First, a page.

A few days ago Parallels sent out a frantic email. Critical and Urgent Windows 8 Service Advisory, the headline shouted. It went on to warn that "Upgrading now may damage your virtual machine, causing you to lose all your data, files and Windows applications."
Oh, well, that doesn't sound so awful.. I raised my eyebrows, but I wasn't upset. Microsoft has said that they'll hold that $39.99 "upgrade from anything" price until at least January and I'm not anxiously holding my breath. I don't really care about Windows 8. I have XP and Vista in Parallels virtual machines and I'd like to upgrade the Vista just to keep current, but I don't NEED Windows 8.
Well, that's not true: I'll need it to be able to help customers who will start using it soon enough. My need is very minor though: I won't be helping them with Win 8 per se; it will be because they happen to be using Win 8 and are having a problem with something else like a Unix/Linux machine or a mail server or a network.. I don't need to know very much about Windows 8.
Still, when I found my self with ninety minutes of free time on Saturday afternoon, I idly browsed over to the Parallels forums just to see how they were progressing with whatever awful glitch had plagued those VM upgrades. Surprise, surprise: they had ferreted out the problem, produced a Parallels upgrade and if I would download and install that first, I'd be safe to buy Windows 8 from Microsoft and upgrade whatever I wanted to.
I hesitated. We had dinner guests who would be arriving somewhat soon. I shouldn't start something like this. I vacillated and then thought, well, heck, I can always just suspend the virtual machine and come back to it later. So why not? I fired up the Vista instance and browsed on over to Microsoft to buy the upgrade.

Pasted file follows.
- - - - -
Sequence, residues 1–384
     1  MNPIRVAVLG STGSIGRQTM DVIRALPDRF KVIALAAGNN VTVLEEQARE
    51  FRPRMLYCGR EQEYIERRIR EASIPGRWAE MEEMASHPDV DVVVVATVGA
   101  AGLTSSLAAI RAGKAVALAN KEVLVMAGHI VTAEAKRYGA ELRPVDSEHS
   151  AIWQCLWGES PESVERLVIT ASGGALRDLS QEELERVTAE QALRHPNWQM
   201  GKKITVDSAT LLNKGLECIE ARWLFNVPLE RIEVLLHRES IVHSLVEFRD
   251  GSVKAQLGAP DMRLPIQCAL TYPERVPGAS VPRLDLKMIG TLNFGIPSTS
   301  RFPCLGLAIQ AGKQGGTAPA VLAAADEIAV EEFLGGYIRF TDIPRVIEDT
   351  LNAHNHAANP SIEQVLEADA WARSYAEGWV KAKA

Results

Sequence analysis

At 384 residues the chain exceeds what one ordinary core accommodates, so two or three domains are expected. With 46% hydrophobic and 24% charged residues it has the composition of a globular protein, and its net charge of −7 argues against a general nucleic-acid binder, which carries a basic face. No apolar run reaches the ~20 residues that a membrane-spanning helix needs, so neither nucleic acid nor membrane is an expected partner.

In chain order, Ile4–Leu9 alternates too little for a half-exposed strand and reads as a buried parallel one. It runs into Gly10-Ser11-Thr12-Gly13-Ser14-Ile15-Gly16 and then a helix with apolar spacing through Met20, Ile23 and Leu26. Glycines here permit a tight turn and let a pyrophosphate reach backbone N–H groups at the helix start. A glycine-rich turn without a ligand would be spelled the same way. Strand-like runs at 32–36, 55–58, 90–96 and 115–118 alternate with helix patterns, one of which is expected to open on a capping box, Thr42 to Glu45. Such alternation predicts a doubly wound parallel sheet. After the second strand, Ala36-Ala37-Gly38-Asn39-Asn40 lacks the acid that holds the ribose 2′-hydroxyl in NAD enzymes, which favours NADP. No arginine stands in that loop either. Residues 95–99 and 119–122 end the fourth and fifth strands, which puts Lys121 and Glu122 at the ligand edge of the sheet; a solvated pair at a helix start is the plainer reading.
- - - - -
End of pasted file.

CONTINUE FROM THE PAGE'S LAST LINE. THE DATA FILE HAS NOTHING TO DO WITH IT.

A bit ugly, but easy and quick
This is very, very simple. You download a "Windows 8 Upgrade assistant" and run that. It checks out your machine (and, I assume, the legality of your license) and then tells you what stuff you have that won't work after you upgrade and asks you whether you want to keep the stuff you can keep or just wipe it all out and start fresh.
Once you make that choice, it asks for money and I was pleased to see that they offered PayPal as a payment option. With my $39.99 transferred to their not as greedy as they used to be hands, the upgrade began. It very quickly downloaded the files it needed and started churning away.
I knew from my reading that this would not proceed entirely without interaction from me. Although it would do almost everything needed without my advice, I would at some point have to answer some questions to choose a color scheme and decide if I wanted to use my old Vista user account or create a new account for Windows 8.
I expected that would not be anything I'd be doing until the next day, at best. Heck, this is a virtual machine doing a complete operating system transplant. There was no way this would be done before I'd be eating dinner.
To my amazement, the first reboot showed up very quickly.
I cynically chuckled to myself, thinking that this was just the beginning of long waits while thousands of files would be extracted and or downloaded to complete the process. No sense in me hanging around, right? I switched away to check email and tidy up some other things. With plenty of time still available before dinner, I checked back just to see how badly it would be struggling.
Amazingly, it was almost done!
I did have to answer those very few questions, but long before I needed to be done, I had this on my screen:
Color me astonished. I actually still had plenty of time to shut down the machine, give it a bit more video memory, boot it up again, find Control Panel and adjust my screen resolution!
People are not going to like this
Joe and Mary Average are going to hate Eight. Various pundits have told you why; you don't need to read all that again here. It's all true: Joe and Mary will be confused, frustrated and probably angry.
One quote from an article I just read this morning: (Webpronews, Windows 8: Is It Worth The Upgrade?)
Heck, if I needed Win 8 for my daily work, I might feel like that. Windows 8 hides stuff and that has to be among the dumbest things Microsoft has ever done. Do they really want long time customers baffled as to how to accomplish tasks they've been doing for years?
Oh, well. Nobody ever said Microsoft was smart. Well, yeah, people have said that, but they were wrong and Windows Eight proves that beyond any doubt.
Still: it's an easy and very quick upgrade, it doesn't cost much, it's easier on your hardware than Windows 7 and if you are committed to Windows, you WILL figure out its tricks and traps soon enough and you'll be happy again.
Not as happy as you would be with a Mac, of course, but that's your mistake.
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